Episode 24 – Book Study : The Great Divorce by C.S. Lewis ( Part 3)

Chapters 12-14

Imagery of the procession – Glory

Imagery – Hell is but a small crack, and not comparable to the enormity of heaven 

Discussion on Pity and manipulation 


In chapter 12, a conversation between a husband and wife ensues. The wife is now a bright spirit in heaven, the husband a grey ghost. The husband is pictured as a dwarfish figure and the inordinate love he had for his wife is pictured as a big black doll. 

This dialogue was so sad and so beautiful all at once. The pain that was expressed was striking. When he said:

You didn’t even miss me.

The Great divorce by c.s. lewis, chapter 12

What a wound. He wants to know that when she died, she felt a loss being separated from him. That was so important to him, that he let it become more important than not wanting her to feel any further pain or suffering. If we truly love someone, we wouldn’t want them to ache not even a little. 

The Dwarfish figure was such a cool addition to this exchange! At first it seemed as though the dwarf was being led by the tall man, but in the end it was revealed that the dwarf was actually holding the chains! The big tall man is the doll, speaking words of misery to dwarf, but the dwarf man can at any moment, let it go. Let go of the hatred and selfishness he’s allowed to build up in his heart. The way the bright spirit is so dismissive of the doll is so awesome. Lies are smacked down in heaven! 

The saying ‘absence makes the heart grow fonder’ was meant to console those who were separated from their loves ones, while they wait to return to them. It’s not meant to be used as a weapon to hold over the one we love, because then we desire their pain and suffering, and we delight in it. That’s twisted. I love my Lord on the cross, I love Him for what He suffered for me, but I take no delight in His pain.

Even the words ‘did you miss me?’ is something we hear from couples a lot. What are they asking? They’re asking ‘What do I mean to you? What does my presence mean to you? Does my absence impact you in some way?’ and in that sense it’s ok to ask that. It’s helpful in discerning whether this is the right person for you. BUT to ask it, with the expectation or hope that they might say how painful it was to be separated from you, there’s an element of ‘twisted’ in that.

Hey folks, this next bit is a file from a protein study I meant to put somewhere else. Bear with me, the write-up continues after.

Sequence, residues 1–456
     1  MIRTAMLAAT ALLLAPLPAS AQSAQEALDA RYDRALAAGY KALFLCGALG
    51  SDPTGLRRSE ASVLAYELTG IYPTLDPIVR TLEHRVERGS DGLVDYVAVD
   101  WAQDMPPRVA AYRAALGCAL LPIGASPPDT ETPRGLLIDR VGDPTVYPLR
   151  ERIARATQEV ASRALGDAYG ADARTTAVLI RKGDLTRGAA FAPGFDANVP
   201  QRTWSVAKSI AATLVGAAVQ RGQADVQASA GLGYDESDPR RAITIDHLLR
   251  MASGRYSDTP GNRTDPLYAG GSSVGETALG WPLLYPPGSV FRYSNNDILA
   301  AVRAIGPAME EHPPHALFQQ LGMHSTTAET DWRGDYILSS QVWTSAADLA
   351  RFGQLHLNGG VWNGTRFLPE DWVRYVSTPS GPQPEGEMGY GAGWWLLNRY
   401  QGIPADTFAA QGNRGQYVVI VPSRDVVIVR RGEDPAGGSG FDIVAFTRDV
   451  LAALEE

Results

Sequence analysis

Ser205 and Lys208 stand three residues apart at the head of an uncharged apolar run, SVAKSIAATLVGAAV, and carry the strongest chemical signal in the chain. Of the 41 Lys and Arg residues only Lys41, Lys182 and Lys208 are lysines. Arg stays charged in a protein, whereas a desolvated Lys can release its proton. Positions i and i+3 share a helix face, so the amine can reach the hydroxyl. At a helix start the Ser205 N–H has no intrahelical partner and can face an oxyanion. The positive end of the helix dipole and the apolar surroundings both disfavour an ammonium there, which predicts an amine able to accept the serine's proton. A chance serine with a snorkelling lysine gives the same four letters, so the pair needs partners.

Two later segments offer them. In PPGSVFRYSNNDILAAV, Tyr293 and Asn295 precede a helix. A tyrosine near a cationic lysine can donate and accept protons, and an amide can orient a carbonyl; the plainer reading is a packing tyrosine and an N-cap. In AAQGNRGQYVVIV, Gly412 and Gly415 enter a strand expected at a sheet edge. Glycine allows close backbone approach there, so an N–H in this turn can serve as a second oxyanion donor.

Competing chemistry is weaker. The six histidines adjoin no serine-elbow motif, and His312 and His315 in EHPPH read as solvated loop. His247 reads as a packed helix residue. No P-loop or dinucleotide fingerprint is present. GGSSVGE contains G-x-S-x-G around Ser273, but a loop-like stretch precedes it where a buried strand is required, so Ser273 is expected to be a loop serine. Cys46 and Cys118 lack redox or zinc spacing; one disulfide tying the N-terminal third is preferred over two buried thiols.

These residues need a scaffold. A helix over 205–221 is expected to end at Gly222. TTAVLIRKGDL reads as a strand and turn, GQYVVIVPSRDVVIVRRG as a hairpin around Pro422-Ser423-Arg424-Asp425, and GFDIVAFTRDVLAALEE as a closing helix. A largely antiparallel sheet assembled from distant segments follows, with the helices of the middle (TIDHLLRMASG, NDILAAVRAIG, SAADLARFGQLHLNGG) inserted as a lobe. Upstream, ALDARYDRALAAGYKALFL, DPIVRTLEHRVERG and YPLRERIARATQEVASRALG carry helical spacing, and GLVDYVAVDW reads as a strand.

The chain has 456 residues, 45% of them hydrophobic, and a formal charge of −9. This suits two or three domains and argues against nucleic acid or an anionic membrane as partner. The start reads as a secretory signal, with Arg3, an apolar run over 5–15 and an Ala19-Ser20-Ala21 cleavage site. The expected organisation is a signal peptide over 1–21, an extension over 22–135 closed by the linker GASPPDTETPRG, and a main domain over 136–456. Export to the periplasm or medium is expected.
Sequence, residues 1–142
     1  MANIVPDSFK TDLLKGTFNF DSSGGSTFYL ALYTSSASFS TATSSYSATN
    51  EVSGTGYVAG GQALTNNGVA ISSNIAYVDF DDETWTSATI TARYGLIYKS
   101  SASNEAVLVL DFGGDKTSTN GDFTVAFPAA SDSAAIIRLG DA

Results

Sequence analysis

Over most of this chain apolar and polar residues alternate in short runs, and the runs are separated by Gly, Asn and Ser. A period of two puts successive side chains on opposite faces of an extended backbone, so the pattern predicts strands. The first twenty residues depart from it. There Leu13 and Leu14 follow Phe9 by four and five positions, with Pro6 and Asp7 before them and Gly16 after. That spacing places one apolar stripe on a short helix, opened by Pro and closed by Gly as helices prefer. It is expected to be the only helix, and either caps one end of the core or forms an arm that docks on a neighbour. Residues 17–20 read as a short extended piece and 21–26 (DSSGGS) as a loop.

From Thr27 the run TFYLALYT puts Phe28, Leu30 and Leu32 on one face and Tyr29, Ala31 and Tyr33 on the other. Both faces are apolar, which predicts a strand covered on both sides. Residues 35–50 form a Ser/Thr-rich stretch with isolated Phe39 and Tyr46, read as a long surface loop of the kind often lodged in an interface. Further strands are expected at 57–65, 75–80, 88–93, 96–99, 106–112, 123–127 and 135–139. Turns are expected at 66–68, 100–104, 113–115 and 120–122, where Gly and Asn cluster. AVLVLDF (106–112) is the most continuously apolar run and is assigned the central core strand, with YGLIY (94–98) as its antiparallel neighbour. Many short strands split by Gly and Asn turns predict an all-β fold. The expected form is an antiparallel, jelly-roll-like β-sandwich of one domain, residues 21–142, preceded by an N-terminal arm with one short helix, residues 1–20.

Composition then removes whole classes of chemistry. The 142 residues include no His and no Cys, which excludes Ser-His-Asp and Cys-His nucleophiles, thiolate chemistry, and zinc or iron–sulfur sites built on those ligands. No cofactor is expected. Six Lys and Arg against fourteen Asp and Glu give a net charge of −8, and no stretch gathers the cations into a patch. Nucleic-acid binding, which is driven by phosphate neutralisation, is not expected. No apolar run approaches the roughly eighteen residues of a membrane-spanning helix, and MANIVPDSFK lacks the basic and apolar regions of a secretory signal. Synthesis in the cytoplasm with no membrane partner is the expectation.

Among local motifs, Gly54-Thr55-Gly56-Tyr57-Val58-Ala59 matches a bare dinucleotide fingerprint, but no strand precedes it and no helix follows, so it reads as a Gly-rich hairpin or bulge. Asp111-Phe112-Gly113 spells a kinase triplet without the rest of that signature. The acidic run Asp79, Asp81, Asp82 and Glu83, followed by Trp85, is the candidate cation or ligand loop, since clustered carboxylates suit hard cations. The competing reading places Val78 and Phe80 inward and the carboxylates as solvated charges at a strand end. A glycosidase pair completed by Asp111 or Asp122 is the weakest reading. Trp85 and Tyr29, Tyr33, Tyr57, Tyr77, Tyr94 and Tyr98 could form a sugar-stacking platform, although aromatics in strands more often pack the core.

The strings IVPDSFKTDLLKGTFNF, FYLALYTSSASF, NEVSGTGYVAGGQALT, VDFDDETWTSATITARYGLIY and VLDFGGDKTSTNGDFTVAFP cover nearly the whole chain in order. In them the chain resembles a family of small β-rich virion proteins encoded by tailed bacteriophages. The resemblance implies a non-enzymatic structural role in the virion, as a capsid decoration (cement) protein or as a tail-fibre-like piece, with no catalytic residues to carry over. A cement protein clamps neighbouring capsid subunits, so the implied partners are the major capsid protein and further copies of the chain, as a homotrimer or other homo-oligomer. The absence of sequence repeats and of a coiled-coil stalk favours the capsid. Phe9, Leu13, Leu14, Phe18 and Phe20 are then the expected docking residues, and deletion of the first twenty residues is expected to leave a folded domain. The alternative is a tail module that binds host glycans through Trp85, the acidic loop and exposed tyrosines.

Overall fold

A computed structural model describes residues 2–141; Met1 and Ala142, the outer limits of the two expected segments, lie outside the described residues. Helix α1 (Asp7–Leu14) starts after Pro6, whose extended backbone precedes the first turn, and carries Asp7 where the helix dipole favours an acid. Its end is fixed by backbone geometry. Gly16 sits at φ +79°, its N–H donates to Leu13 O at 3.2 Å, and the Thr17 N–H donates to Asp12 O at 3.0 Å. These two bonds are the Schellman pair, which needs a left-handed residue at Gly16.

It’s so beautiful how she reveals the nature of their love on their love on earth – that is was mostly the need or craving to be loved, rather than love itself which marked the relationship. A craving to possess eachother as objects which can never be satisfies. She contrasts this with the love she now experiences. She is in true love itself! She actually possesses God in a certain sense, in so far as she is invited to receive Gods heart and God holds her heart tnederly. It’s such a striking contrast. 

When the wife goes on to express that she has been entirely satisfied whilst she’s been here, and that doesn’t make him happy, the disordered desire becomes clear. Even as they continue to dialogue and she pleads with him to let go of being enslaved, he’s trapped in the desperate need for her to need him. The mere thought of her having been content all this time, not needing him and yet still choosing to love him, seems entirely insulting to him. He can’t see that, THIS is true love. True love should be free. True love should want the good of the other. She pleads with him to let go not for her sake, but for his own sake. He can’t see past his own illusion of love, which is just plain misery.  

The thing to love about this book is that demonstrates sin and virtue in the context of relationships. Often we think about sin a very distilled sense. Impurity, lust, greed, laziness. We can tend to think of these as distilled realities affecting only ourselves. This book demonstrates the folly of such a view. Sin impacts relationships. And vice versa, so does virtue. 

The more the dwarf insists on holding on to misery, the smaller the dwarf becomes. The wife tries to show the dwarf what he’s been doing all this time and how it was meant to be used.

‘Using pity, other people’s pity, in the wrong way… pity was meant to be a spur that drives joy to help misery. But it can be used the wrong way round. It can be used for a kind of blackmailing. Those who choose misery can hold joy up to ransom, by pity.’ 

‘can you really have thought love and joy would always be at the mercy of frowns and sighs?’

The Great Divorce by C.S. Lewis, page 131


T’was all a dream. When the narrator asks, ‘So I’m not really here then?’ the Spirit responds – No. You still have to face death. Let men know it is a dream, that you do not have knowledge of things beyond the realm of man. But what he is meant to convey is that good and evil are not marriageable. That when seen in the context of our relationships, evil is always evil and cannot become good without a repudiation of that which is evil. 

Book study reflective questions + video questions

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Reflective Questions

  1. How does sin impact my relationships?
  2. How does virtue build up my relationships?
  3. What was my initial reaction to the ending of the book? 
  4. What is the message I’m taking away from this book study?

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